- To be aware of the different types of data
- To be aware of the different basic data structures commonly encountered in R
- To be able to ask questions from R about the type, class, and structure of an object.

Before we can analyse any data, we'll need to have a strong understanding of the basic data types and data structures. It is **Very Important** to understand because these are the things you will manipulate on a day-to-day basis in R, and are the source of most frustration encountered by beginners.

R has 5 basic atomic types (meaning they can't be broken down into anything smaller):

- logical (e.g.,
`TRUE`

,`FALSE`

) - numeric
- integer (e.g, 3, 2L, as.integer(3))
- double (i.e. decimal) (e.g, -24.57, 2.0, pi)
- complex (i.e. complex numbers) (e.g, 1 + 0i, 1 + 4i)
- character (e.g, "a", "swc", 'This is a cat')

There are a few functions we can use to interrogate data in R to determine its type:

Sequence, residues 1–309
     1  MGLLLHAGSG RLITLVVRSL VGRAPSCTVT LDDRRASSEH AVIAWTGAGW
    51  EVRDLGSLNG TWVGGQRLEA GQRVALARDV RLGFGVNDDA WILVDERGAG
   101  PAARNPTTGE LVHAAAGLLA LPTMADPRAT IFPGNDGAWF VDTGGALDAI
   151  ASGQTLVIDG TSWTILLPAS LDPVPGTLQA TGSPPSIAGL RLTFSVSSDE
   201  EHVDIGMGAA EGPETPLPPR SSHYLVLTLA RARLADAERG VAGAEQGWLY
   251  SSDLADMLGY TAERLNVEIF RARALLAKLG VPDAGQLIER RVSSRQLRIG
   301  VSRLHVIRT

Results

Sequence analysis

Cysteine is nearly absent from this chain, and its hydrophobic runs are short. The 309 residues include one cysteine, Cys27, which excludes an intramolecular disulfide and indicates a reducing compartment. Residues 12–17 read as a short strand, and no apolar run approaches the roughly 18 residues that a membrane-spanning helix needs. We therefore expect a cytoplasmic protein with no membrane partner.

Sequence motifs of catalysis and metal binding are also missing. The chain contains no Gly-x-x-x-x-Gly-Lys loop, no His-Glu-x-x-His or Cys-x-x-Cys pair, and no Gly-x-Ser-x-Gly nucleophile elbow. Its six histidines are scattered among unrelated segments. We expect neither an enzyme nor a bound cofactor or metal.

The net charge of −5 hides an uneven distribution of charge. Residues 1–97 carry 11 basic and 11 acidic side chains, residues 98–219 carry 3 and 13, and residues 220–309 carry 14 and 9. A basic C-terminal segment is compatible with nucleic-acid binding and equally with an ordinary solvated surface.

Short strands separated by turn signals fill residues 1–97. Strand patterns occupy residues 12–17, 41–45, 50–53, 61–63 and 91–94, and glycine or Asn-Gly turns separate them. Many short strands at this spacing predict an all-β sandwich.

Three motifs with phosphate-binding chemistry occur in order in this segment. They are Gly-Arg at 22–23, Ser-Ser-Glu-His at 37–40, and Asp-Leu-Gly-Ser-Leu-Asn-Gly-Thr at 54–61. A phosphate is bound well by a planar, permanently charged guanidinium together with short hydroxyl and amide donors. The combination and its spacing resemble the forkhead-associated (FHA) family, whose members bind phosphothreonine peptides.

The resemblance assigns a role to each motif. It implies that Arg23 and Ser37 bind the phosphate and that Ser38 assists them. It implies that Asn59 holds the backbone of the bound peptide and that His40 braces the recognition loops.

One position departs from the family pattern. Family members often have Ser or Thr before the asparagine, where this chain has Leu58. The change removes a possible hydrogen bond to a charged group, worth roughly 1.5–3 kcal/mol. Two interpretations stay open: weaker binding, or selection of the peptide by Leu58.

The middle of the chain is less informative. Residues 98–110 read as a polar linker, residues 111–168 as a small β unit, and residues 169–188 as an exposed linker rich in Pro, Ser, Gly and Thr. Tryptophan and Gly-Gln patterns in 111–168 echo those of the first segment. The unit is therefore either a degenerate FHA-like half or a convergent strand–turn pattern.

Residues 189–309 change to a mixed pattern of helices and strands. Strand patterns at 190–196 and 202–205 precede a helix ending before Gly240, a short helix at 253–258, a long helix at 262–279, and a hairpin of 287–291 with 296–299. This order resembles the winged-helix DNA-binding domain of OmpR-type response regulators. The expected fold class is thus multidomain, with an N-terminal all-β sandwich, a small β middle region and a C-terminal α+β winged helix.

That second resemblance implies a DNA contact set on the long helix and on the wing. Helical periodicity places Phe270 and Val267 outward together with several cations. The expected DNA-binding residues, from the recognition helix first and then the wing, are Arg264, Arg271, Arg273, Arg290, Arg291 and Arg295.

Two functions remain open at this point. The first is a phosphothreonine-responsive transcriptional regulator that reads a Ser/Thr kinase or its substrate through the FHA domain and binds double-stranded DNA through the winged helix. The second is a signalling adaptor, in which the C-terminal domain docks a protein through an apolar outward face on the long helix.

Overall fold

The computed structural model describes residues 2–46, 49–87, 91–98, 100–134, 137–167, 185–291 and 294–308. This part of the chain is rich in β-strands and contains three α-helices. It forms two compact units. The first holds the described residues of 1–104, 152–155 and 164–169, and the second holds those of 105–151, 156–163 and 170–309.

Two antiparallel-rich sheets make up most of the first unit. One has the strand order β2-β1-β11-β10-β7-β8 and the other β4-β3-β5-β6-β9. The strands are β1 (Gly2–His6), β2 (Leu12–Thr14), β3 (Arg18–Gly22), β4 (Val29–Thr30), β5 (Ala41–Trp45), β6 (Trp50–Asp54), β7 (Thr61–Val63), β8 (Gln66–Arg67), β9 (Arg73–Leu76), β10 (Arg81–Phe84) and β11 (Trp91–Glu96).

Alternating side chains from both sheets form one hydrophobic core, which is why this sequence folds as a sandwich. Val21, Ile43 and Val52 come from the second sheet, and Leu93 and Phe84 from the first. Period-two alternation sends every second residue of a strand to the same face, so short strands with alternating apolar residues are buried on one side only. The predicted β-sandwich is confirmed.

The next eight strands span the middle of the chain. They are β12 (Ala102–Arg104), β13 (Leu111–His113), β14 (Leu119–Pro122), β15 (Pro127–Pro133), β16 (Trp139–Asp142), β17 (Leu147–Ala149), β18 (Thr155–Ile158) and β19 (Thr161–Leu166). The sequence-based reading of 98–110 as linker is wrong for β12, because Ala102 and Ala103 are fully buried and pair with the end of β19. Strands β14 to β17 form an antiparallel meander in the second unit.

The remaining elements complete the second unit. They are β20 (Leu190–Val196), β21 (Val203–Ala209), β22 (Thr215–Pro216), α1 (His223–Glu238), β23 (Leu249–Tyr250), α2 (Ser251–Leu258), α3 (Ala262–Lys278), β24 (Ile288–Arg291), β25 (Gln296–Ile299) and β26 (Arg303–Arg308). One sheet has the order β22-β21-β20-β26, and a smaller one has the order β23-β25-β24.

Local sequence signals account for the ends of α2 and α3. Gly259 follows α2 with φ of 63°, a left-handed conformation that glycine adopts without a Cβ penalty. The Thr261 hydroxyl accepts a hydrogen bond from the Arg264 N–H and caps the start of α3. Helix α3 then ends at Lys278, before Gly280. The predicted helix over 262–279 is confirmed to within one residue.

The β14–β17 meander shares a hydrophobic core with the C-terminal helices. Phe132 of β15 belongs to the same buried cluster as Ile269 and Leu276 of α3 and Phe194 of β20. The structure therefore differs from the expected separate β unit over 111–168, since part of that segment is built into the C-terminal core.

```
typeof() # what is its atomic type?
is.logical() # is it TRUE/FALSE data?
is.numeric() # is it numeric?
is.complex() # is it complex number data?
is.character() # is it character data?
```

Use your knowledge of how to assign a value to a variable, to create examples of data with the following characteristics:

- Variable name: 'answer', Type: logical

- Variable name: 'height', Type: numeric

- Variable name: 'dog_name', Type: character

For each variable you've created, test that it has the data type you intended. Do you find anything unexpected?

There are five data structures you will commonly encounter in R. These include:

- vector
- factors
- list
- matrix
- data.frame

For now, let's focus on vectors in more detail, to discover more about data types.

A vector is the most common and basic data structure in `R`

and is pretty much the workhorse of R. They are sometimes referred to as atomic vectors, because importantly, they can **only contain one data type**. They are the building blocks of every other data structure.

A vector can contain any of the five types we introduced before:

- logical (e.g.,
`TRUE`

,`FALSE`

) - integer (e.g,, 2L, as.integer(3))
- numeric (real or decimal) (e.g, 2, 2.0, pi)